“Today I went to give a climate talk at my old high school in Geneva — and was given a masterclass in our failings. This is the story of a day that shook me up. I have given climate talks at high schools before. In 2019, I was invited by the first Geneva climate strikers to go around the high schools on the morning of their first strike. … Back then, the mood was electric, excited, engaged. … Fast forward three years (and a pandemic) later, and the mood could not have been more different. I sensed it as I was speaking, a general muttering in the auditorium full of 16–17-year-olds, that sometimes ebbed a bit, but never really went away. I thought the students might be bored by the specific aspects I was talking about. … I raced through the topics, hoping to reach one they would be interested in. And at the end, during the Q&A, it finally came out. One girl took the mic and held on to it. Her questions came fast and clear, and were widely applauded by her peers. She was clearly channelling the zeitgeist of the room. This is my recollection of some of her questions:
- “Why are you here talking to us? We can’t do anything. Only politicians, only business leaders, can make the big changes you are talking about. Why aren’t you talking to them?”
- “Why do you talk to us about optimism [Note: I had not, actually, but perhaps my presentation had been announced as such. Who knows.], about possible actions, when we all know that none of that will happen?”
- “All these people in power have known about this problem for so long. Yet the IPCC comes out with report after report explaining we have to act within just a few years — and nothing happens, nothing changes. Why do you think this talk of yours to us can do anything?”
medium.com 7-2020 Cogs in the climate machine– A short course in planetary time, for planetary survival
This is less of a blog post, and more of a howl. by Julia Steinberger
The planetary climate clock, in human time
Let’s start by some human and planetary timescales. I don’t know why we don’t learn them in grade school (I never learned them at all). But they matter. And let’s represent them visually, in a stark, plain way.
“_” : this is our unit of time, and it’s 1000 years long.
_ is 10 long human lifespans, 40 generations, the time separating us from the first millennium and the Middle Ages in European history, when Canute of Denmark ruled Britain, before Marco Polo traveled the Silk Road. It’s a long time by any human account: twice the duration of the Roman Empire.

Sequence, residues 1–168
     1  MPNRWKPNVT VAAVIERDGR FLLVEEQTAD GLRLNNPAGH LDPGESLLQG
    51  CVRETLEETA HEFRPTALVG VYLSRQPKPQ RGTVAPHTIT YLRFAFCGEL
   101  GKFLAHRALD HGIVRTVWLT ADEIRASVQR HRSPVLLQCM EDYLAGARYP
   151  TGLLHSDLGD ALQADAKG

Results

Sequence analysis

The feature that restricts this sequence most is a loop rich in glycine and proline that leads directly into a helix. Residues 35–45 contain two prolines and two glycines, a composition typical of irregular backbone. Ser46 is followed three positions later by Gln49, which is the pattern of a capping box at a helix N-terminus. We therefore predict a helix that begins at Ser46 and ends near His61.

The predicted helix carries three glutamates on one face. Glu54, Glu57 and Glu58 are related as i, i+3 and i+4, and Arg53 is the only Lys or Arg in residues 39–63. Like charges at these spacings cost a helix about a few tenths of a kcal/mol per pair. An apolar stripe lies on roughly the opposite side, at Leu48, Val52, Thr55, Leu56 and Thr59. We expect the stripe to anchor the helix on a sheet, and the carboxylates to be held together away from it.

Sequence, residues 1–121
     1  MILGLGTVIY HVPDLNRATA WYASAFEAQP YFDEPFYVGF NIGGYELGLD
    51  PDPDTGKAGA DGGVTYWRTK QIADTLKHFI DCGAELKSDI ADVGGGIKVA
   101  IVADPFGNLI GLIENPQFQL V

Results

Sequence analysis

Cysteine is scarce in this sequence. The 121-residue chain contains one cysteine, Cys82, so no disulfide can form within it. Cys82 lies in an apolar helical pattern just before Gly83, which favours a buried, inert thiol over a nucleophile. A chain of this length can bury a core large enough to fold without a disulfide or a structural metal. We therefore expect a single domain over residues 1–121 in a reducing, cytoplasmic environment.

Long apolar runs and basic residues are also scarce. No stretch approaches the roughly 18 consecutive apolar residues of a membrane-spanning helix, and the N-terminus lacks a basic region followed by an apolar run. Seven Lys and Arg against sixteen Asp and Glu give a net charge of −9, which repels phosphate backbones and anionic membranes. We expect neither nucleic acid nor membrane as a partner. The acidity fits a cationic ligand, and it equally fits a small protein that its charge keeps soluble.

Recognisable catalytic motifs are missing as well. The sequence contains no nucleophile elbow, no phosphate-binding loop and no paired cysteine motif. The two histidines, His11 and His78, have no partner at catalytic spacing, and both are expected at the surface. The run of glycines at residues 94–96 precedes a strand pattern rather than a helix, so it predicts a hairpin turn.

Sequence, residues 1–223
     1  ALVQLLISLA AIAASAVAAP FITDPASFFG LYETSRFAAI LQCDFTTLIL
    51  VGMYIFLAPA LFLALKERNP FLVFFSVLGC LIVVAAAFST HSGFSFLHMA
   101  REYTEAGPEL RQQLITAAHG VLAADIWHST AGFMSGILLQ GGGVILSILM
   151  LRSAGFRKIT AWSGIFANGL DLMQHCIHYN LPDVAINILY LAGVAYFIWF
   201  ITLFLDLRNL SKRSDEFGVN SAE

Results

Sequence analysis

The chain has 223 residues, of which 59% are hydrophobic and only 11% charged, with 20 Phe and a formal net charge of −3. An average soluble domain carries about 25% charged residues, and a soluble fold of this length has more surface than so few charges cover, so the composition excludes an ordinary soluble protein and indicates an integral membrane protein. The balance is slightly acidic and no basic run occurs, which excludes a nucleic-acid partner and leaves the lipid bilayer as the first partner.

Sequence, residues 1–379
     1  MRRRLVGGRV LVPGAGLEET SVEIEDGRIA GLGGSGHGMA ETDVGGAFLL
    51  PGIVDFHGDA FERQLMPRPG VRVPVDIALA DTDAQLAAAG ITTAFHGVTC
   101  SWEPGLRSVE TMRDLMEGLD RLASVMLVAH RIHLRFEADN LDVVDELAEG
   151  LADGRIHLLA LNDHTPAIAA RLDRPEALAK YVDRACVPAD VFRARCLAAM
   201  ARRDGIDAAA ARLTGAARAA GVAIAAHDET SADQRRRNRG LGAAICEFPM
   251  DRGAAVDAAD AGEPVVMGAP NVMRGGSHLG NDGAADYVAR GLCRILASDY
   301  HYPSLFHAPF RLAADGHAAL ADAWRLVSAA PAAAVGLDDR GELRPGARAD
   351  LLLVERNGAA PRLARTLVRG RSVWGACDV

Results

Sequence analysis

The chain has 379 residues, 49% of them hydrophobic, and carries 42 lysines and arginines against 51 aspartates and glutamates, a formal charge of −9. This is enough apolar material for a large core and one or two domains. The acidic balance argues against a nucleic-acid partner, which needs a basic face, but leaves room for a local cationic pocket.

_____ is 5’000 years. It’s the age of the oldest known living tree, Methuselah, in the Californian White Mountains.
____________ is 12’000 years. It’s the time span separating us from the last ice age. This time is the time during which humans slowly selected plants, developed agriculture, cities, writing: anything we would call civilization. It is the time when humans thrived, cultures multiplied, our population grew. This clement and stable climate interval, which sheltered us and the plants we depend upon to live so well, is known as the Holocene. Gaze upon that interval fondly, for it is already in our past.
_______________________________________________________________________________________________________ is 103’000 years: the duration of the last Ice Age. Ice Ages, compared with the Holocene, were pretty brutal times for human beings, and the plants and animals we depend upon. Human population was only 1–10 million at the end of the last ice age — and the one before that nearly wiped us out entirely.
__________________________________________________________________________________________________________________________________________________________________________________________________________________________________________________________ is 250’000 years, the rough age of Homo Sapiens, our species, us. This is the late stage of the Quaternary period: a time when our planet swung between ice ages and more clement interglacial periods (of which the Holocene was the latest one).
Now, time starts going much further back.
But stay with me (keep scrolling!): this is important. This is not just a distant past that our species never knew: it’s also a future we and our children will experience. Because time is moving slowly far back from us, but we are changing our climate with a rapidity never previously experienced on Earth. Ready? 3 million years to travel through now. Off — we — go!
New research, published in Nature, has now measured much more precisely how much of the warming gas carbon dioxide (CO2) was in the atmosphere during this warm spell: 360ppm (parts per million) on average. When my father was born, in 1921, a mere 100 years ago, the CO2 level in the atmosphere was only 304 ppm. By the time my son was born, our fossil-fueled civilization had barreled (joke? hahaha? ha?) past this Pliocene average, to 393ppm. So we are already, today, at CO2 concentrations higher than the Pliocene average: and we’ve moved the climate clock of the planet back more than 3.3 million years in less than 100 years: the lifespan of my father.
Time lags for equilibration vary between Earth systems: climate temperatures will catch up with the Pliocene with in a few decades, sea levels within a few centuries. But it gets worse. Because not only have we left the agriculture-sheltering Holocene. Not only have we zoomed through Pliocene the span than 1 human lifetime (reminder: we have no evidence that the large scale agriculture we depend upon, in our billions, for survival, is possible in this new climate. Cheers.). We are still going. We are accelerating, in fact, with concentrations of CO2 increasing faster and faster every year.
And by 2025, according to the Nature study authors … , we’ll have exploded CO2 concentrations so much that we have to far, far, far further back in planetary times to find climate analogs. … The mid-Miocene. According to the Nature study’s lead author, Dr. de la Vega “Having surpassed Pliocene levels of CO2 by 2025, future levels of CO2 are not likely to have been experienced on Earth at any time for the last 15 millions years, since the Middle Miocene Climatic Optimum, a time of even greater warmth than the Pliocene.”